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Sahil Kapur

Sahil Kapur is TPM's senior congressional reporter and Supreme Court correspondent. His articles have been published in the Huffington Post, The Guardian and The New Republic. Email him at sahil@talkingpointsmemo.com and follow him on Twitter at @sahilkapur.

Articles by Sahil

The 6th Circuit Court of Appeals on Wednesday upheld a trial court judge's order blocking Ohio's restrictions on early voting.

A unanimous three-judge panel affirmed the preliminary injunction granted earlier this month by Judge Peter C. Economus, meaning that the cutbacks cannot go into effect until the case is resolved on the merits by the courts.

The circuit judges agreed that the restrictions run afoul of the Constitution's guarantee of equal protection and Section 2 of the Voting Rights Act.

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The Arkansas Senate race has narrowed, according to a new poll which shows Democratic Sen. Mark Pryor leading Republican Tom Cotton by 2 points.

The Suffolk/USA Today survey released Wednesday found Pryor leading 45 percent to 43 percent, within the poll's margin of error. Seven percent were undecided.

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John Boehner is "all in" to be Speaker of the House again next year. But as usual, he has his share of dissidents who want to oust him — disenchantment remains strong with some of the Republican conference.

But for all the grumbling, they have a tough battle on their hands if they want a new Speaker in January.

A new article in The Hill points to stirrings a coup attempt by some members against the Ohio Republican, who has served in the House's top job since 2011. The piece centers around a less-than-organized push by Rep. Walter Jones (R-NC), who told the paper he's meeting with members to chart out "a new direction" for the House.

According to numerous conservative House lawmakers, as well as aides who declined to be named, Boehner's gavel is safe. Here are four reasons why.

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A new ad by Kentucky Democrat Alison Lundergan Grimes seeks to pit Republican supporters of immigration reform against Senate Minority Leader Mitch McConnell (R-KY), whose allies are attacking her for backing "amnesty."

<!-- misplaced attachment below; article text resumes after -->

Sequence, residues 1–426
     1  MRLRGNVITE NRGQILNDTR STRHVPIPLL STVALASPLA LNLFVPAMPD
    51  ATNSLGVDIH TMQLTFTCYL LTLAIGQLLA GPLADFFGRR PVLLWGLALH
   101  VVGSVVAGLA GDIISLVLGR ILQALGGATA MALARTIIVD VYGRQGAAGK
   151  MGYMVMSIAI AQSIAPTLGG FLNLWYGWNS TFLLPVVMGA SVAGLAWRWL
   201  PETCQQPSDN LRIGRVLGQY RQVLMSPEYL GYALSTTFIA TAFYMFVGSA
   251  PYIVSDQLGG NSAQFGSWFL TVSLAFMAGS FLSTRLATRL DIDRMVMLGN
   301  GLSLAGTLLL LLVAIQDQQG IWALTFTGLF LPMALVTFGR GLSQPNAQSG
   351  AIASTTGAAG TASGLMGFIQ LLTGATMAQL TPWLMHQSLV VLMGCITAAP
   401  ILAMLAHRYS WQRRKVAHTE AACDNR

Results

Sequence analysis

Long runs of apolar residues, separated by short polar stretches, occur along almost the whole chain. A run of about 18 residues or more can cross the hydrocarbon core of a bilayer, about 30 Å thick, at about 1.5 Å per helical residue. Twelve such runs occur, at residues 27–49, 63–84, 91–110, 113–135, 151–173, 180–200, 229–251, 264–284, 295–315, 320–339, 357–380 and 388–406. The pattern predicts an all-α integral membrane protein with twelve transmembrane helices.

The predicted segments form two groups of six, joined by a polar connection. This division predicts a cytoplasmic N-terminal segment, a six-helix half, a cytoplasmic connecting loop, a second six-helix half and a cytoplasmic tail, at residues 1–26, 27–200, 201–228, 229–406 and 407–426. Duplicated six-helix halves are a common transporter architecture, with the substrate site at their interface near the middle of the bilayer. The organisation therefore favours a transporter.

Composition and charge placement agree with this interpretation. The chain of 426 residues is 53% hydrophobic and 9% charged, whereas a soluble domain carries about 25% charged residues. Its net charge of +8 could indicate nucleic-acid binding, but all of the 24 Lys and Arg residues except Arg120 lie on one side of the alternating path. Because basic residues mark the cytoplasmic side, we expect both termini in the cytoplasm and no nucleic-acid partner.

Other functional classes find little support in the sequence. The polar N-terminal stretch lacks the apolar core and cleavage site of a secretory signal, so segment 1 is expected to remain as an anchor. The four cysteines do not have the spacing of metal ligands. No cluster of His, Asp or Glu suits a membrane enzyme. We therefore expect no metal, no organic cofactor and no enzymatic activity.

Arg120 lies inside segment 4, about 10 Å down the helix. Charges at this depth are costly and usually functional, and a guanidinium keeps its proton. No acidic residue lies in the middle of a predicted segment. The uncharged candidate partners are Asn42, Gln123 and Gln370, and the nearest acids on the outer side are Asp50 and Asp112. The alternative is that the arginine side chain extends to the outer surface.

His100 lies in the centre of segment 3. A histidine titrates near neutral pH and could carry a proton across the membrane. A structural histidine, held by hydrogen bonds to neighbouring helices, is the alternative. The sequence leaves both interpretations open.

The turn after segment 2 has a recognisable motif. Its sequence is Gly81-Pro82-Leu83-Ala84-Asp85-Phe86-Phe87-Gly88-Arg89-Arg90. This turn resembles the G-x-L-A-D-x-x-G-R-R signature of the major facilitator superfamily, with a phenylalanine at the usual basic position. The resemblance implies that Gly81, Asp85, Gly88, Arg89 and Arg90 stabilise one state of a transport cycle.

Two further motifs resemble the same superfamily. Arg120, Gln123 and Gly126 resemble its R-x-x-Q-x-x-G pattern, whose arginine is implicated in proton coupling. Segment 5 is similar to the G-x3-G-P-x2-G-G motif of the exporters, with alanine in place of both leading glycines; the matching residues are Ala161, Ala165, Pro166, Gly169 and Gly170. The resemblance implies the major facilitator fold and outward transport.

It comes in response to a spot by the pro-McConnell super PAC Kentucky Opportunity Coalition, in which a narrator says, "Alison Grimes, proud supporter of Obama's amnesty plan."

Grimes' 36-second web ad splices video of Sens. John McCain (R-AZ) and Lindsey Graham (R-SC) touting their support for the same immigration bill. McCain insists, "This is not amnesty." It quotes Glenn Kessler, a fact checker for the Washington Post, calling the Republican group's attack "bizarre and hypocritical."

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A group of Senate Democrats introduced legislation on Tuesday which would require federally funded hospitals—under Medicare or Medicaid—to provide emergency contraception to rape victims who request it.

The "Emergency Contraception Access and Education Act of 2014" was co-sponsored by Sens. Patty Murray (D-WA), Barbara Boxer (D-CA), Richard Blumenthal (D-CT), Elizabeth Warren (D-MA), and Cory Booker (D-NJ).

It says a contraceptive drug must be provided if it is approved by the FDA and "prevents pregnancy primarily by preventing or delaying ovulation, and does not terminate an established pregnancy."

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Update: 12:42 PM EST

A judge in Louisiana on Monday struck down the state's gay marriage ban, declaring that it violates the Constitution's guarantee of equal protection, due process and "full faith and credit" between states.

State Judge Edward D. Rubin ruled Monday in favor of a lesbian couple's petition to both be recognized as their son's parents, holding that "Louisiana cannot define and regulate marriage to the extent that it infringes upon the constitutional rights of its petitioners."

"This court finds that there is no rational connection between Louisiana's laws prohibiting same sex marriage and its goals of linking children to intact families formed by their biological parents," he wrote.

Buddy Caldwell, Louisiana's Republican attorney general, plans to appeal the ruling.

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One month ago, the Obama administration tweaked its birth control mandate to address concerns of religious nonprofits who said filling out a form to opt out of paying for contraceptives would still make them complicit in sin.

Since then, various entities that sued have made clear they aren't satisfied with the new accommodation, and will keep fighting for a complete exemption so that they can block off insurance coverage for contraceptives, which they view as sin, for their women employees.

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